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OFF TO WORK: Reader recounts teen years spent working at Bob’s Market


When Robinson native J. Thomas Uranker read our article about Bob’s Market in the Nov. 11 issue of Gazette 2.0, he wrote to us with this interesting account of what it was like to work at the Moon Run store as a teen.

“Bob Macek was a nice guy to work for. In the mid-1950s, from ages 14-17, I was his overall ‘what needs done’ boy. My schedule after school on Monday, Tuesday, Thursday and Friday

from 4 to 6:30 p.m. included stocking shelves, sprinkling dust-free absorbent on the front porch and sweeping it clean, and washing the store’s large front windows every Thursday, to make a good impression on shoppers who came on Friday and Saturday. On Saturdays from 8 a.m. to 6 p.m., in addition to my many regular chores, I helped customers get products from the upper shelves of stock-loaded products. Late in the afternoon, I took the trash box full of papers from the meat cutting section to the lower backyard burn barrel and carefully burned them. When I began to drive, I also delivered chicken feed to the large number of Moon Run customers who had backyard hen houses.”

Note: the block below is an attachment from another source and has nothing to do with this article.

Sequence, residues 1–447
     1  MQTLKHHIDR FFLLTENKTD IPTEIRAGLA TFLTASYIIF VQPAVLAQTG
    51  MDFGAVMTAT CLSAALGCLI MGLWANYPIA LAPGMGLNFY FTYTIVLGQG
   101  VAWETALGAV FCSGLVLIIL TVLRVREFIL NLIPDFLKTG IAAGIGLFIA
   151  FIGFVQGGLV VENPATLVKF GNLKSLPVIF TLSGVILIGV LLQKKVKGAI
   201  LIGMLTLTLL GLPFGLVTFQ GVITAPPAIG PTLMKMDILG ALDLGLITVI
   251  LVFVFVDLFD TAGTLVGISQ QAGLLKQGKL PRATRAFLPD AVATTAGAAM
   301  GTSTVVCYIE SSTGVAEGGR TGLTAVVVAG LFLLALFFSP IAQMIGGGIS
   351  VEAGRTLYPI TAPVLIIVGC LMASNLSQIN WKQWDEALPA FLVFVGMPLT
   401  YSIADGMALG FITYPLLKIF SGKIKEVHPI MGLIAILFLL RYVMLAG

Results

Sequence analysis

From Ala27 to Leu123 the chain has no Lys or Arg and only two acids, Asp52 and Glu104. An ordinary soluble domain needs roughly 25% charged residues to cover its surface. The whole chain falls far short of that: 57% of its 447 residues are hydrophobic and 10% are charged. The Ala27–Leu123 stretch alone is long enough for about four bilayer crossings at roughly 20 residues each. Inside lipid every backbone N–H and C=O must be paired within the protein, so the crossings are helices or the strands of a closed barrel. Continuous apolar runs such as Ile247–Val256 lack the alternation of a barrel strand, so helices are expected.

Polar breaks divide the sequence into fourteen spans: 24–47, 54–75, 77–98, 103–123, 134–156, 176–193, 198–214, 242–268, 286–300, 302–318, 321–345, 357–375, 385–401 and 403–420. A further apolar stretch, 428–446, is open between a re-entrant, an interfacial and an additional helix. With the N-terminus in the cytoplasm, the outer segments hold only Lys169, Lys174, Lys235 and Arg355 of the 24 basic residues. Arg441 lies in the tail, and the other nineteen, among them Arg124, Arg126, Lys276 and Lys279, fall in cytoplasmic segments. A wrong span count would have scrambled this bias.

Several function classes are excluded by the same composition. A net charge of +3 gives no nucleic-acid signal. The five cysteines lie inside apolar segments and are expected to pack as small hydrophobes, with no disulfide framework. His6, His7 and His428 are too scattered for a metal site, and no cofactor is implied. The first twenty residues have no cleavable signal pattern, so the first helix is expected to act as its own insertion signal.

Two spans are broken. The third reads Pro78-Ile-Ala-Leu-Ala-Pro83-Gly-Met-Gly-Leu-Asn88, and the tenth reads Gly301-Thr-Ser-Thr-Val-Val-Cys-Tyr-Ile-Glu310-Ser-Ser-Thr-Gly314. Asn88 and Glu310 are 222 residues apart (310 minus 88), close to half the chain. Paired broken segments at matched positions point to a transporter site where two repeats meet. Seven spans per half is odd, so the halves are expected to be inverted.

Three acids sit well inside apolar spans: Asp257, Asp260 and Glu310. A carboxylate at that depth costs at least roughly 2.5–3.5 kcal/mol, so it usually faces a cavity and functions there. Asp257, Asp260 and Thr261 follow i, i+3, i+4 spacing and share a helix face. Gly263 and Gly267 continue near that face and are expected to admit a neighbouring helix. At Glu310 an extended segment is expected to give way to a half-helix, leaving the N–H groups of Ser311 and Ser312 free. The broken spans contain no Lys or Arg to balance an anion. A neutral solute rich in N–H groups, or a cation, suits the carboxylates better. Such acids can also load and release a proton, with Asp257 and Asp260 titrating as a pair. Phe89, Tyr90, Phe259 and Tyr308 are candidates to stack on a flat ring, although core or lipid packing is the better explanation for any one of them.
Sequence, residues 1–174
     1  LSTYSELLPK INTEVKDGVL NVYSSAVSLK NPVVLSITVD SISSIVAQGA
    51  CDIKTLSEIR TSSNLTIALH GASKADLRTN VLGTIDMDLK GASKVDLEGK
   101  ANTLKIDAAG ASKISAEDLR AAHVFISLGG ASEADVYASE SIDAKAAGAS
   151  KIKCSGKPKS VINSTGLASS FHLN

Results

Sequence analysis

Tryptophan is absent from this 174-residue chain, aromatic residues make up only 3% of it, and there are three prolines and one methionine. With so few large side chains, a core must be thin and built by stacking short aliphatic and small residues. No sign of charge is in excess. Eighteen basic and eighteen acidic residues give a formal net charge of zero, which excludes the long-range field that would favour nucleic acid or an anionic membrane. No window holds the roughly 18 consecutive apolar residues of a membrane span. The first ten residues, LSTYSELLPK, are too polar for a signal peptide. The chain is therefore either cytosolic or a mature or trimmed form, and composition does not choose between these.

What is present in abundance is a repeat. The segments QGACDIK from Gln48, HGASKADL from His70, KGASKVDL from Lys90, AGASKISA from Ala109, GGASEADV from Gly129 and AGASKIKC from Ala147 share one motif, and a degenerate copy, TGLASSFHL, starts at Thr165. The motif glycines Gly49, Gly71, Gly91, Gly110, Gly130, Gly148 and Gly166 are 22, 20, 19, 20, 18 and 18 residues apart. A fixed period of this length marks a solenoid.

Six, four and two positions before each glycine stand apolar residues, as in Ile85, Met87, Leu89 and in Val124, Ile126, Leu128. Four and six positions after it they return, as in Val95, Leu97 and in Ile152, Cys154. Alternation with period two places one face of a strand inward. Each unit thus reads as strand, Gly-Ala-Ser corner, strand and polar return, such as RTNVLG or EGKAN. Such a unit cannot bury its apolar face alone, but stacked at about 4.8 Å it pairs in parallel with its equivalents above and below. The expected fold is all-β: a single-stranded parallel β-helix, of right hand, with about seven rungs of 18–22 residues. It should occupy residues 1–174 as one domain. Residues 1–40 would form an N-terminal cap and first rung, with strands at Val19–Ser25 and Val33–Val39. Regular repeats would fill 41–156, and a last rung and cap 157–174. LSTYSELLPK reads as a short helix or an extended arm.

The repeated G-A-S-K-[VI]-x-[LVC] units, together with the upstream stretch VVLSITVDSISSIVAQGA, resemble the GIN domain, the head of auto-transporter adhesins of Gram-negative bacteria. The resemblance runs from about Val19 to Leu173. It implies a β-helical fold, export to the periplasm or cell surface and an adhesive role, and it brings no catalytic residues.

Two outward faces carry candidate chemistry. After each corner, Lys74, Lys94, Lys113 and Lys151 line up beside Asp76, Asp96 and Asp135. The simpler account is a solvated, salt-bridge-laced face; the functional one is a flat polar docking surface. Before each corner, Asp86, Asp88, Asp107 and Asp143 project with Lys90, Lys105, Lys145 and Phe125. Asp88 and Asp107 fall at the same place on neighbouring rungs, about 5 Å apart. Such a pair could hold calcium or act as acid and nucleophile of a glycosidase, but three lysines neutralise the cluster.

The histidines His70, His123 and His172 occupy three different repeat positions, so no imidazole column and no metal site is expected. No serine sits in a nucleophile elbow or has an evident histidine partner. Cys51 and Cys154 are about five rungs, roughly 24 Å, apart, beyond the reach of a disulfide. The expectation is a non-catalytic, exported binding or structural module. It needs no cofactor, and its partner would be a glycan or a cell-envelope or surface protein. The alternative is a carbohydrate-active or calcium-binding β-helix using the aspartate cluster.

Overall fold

Uranker’s career at Bob’s Market ended at age 17 when a car crash resulted in serious injuries, including a broken leg. He graduated from Robinson Township High School in the Class of 1956, and after three years on the Army Intelligence Corps, he embarked on a career at Dravo Corporation on Neville Island. His years working at Bob’s Market—at a time when the minimum wage in America had just gone from 75 cents to a whopping $1 per hour—had prepared him well for the working world.

Thank you, Thomas, for sharing this look back in time.


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